Article

Perfluorochemicals and Endometriosis: The ENDO Study.

Division of Epidemiology, Statistics and Prevention Research, Eunice Kennedy Shriver National Institute of Child Health and Human Health, Rockville, MD
Epidemiology (Cambridge, Mass.) (Impact Factor: 6.18). 09/2012; 23(6):799-805. DOI: 10.1097/EDE.0b013e31826cc0cf
Source: PubMed

ABSTRACT : Environmental chemicals may be associated with endometriosis. No published research has focused on the possible role of perfluorochemicals (PFCs) despite their widespread presence in human tissues.
: We formulated two samples. The first was an operative sample comprising 495 women aged 18-44 years scheduled for laparoscopy/laparotomy at one of 14 participating clinical sites in the Salt Lake City or San Francisco area, 2007-2009. The second was a population-based sample comprising 131 women matched to the operative sample on age and residence within a 50-mile radius of participating clinics. Interviews and anthropometric assessments were conducted at enrollment, along with blood collection for the analysis of nine PFCs, which were quantified using liquid chromatography-tandem mass spectrometry. Endometriosis was defined based on surgical visualization (in the operative sample) or magnetic resonance imaging (in the population sample). Using logistic regression, we estimated odds ratios (ORs) and 95% confidence intervals (CIs) for each PFC (log-transformed), adjusting for age and body mass index, and then parity.
: Serum perfluorooctanoic acid (PFOA; OR = 1.89 [95% CI = 1.17-3.06]) and perfluorononanoic acid (2.20 [1.02-4.75]) were associated with endometriosis in the operative sample; findings were moderately attenuated with parity adjustment (1.62 [0.99-2.66] and 1.99 [0.91-4.33], respectively). Perfluorooctane sulfonic acid (1.86 [1.05-3.30]) and PFOA (2.58 [1.18-5.64]) increased the odds for moderate/severe endometriosis, although the odds were similarly attenuated with parity adjustment (OR = 1.50 and 1.86, respectively).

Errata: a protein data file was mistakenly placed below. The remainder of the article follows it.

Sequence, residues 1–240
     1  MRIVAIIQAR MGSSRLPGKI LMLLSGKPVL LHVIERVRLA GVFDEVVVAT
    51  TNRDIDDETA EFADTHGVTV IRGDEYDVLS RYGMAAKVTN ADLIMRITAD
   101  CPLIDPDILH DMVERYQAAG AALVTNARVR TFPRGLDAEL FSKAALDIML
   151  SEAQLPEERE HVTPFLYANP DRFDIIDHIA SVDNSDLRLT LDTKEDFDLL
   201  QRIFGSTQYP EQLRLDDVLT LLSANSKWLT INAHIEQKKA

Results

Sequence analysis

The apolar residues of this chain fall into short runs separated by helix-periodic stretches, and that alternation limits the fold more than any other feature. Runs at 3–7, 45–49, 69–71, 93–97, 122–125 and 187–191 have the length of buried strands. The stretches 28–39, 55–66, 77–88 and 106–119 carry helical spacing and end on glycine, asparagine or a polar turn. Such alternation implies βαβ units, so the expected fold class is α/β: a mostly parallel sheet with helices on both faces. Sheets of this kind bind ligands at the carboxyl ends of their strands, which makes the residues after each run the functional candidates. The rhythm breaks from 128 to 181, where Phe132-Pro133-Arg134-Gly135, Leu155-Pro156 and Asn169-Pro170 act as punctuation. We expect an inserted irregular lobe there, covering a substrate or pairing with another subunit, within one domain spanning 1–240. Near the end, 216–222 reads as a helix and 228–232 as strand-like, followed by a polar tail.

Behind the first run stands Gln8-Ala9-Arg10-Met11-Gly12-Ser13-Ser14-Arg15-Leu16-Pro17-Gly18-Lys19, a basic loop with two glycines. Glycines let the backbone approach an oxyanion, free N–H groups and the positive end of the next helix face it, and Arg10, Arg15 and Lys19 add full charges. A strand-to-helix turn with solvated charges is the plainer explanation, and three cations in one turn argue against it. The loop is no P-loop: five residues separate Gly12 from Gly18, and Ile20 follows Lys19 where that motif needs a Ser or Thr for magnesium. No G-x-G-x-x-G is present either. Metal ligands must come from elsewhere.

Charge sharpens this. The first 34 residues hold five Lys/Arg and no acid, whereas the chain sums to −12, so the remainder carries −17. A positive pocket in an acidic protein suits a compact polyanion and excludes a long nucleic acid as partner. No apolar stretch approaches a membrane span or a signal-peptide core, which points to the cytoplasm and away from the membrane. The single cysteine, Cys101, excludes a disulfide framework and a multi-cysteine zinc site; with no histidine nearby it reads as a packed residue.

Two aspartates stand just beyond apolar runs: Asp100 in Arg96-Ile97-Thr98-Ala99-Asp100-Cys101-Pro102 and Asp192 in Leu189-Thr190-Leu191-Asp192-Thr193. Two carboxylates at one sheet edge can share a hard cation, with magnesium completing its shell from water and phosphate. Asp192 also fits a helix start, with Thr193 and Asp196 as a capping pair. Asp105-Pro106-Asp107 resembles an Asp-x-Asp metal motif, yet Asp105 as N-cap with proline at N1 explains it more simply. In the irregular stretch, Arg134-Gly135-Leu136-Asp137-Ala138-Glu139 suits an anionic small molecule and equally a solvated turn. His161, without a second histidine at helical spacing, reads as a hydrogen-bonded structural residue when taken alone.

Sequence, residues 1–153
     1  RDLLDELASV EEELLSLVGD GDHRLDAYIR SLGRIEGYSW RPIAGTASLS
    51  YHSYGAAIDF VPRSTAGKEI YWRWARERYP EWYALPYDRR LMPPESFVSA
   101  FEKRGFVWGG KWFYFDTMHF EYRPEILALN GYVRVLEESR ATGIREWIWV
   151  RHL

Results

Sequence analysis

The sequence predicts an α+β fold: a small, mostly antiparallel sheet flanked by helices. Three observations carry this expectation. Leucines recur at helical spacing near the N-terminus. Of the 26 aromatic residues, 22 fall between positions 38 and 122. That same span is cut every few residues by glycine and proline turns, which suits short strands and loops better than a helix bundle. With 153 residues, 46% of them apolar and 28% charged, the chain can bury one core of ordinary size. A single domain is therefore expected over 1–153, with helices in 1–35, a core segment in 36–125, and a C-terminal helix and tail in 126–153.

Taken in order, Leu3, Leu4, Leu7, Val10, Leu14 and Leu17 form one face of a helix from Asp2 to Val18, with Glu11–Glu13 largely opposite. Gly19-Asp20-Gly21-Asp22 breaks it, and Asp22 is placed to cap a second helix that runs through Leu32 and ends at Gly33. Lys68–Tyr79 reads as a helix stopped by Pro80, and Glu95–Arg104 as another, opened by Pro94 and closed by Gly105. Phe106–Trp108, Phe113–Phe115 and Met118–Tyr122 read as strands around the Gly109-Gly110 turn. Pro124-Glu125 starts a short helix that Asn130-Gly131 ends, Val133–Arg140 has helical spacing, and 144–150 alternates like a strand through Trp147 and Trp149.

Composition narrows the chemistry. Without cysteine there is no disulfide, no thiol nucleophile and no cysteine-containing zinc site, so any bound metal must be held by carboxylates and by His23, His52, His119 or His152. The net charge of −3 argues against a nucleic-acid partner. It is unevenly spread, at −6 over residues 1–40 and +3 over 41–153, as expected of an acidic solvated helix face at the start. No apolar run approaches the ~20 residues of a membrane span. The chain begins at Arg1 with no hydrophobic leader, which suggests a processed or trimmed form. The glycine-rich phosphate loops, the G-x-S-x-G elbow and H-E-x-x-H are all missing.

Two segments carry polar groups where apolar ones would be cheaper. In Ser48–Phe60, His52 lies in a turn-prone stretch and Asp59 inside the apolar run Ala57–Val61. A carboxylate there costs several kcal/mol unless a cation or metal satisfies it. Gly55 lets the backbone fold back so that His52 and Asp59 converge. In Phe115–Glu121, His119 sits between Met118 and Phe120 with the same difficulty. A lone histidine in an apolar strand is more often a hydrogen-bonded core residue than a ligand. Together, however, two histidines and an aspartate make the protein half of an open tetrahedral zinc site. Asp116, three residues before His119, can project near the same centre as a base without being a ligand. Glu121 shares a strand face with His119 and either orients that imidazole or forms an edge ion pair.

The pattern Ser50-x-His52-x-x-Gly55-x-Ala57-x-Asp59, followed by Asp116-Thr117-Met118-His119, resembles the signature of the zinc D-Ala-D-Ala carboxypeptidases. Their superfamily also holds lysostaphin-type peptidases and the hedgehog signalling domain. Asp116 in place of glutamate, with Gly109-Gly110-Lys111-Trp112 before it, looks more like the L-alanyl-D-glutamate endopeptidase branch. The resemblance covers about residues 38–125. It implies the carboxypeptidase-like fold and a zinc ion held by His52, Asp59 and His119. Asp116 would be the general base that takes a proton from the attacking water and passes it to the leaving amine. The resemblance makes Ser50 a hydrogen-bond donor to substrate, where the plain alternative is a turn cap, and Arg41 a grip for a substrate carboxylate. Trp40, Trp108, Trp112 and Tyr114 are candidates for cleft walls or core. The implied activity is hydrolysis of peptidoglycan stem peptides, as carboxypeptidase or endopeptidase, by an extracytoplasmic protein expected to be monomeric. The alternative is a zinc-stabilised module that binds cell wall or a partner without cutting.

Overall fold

: Select PFCs were associated with an endometriosis diagnosis. These associations await corroboration.

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    ABSTRACT: Since conflicting results have been published on the role of tobacco smoking on the risk of endometriosis, we provide an up-to-date summary quantification of this potential association. We performed a PubMed/MEDLINE search of the relevant publications up to September 2014, considering studies on humans published in English. We searched the reference list of the identified papers to find other relevant publications. Case-control as well as cohort studies have been included reporting risk estimates on the association between tobacco smoking and endometriosis. 38 of the 1758 screened papers met the inclusion criteria. The selected studies included a total of 13 129 women diagnosed with endometriosis. Academic hospitals. Risk of endometriosis in tobacco smokers. We obtained the summary estimates of the relative risk (RR) using the random effect model, and assessed the heterogeneity among studies using the χ(2) test and quantified it using the I(2) statistic. As compared to never-smokers, the summary RR were 0.96 (95% CI 0.86 to 1.08) for ever smokers, 0.95 (95% CI 0.81 to 1.11) for former smokers, 0.92 (95% CI 0.82 to 1.04) for current smokers, 0.87 (95% CI 0.70 to 1.07) for moderate smokers and 0.93 (95% CI 0.69 to 1.26) for heavy smokers. The present meta-analysis provided no evidence for an association between tobacco smoking and the risk of endometriosis. The results were consistent considering ever, former, current, moderate and heavy smokers, and across type of endometriosis and study design. Published by the BMJ Publishing Group Limited. For permission to use (where not already granted under a licence) please go to http://group.bmj.com/group/rights-licensing/permissions.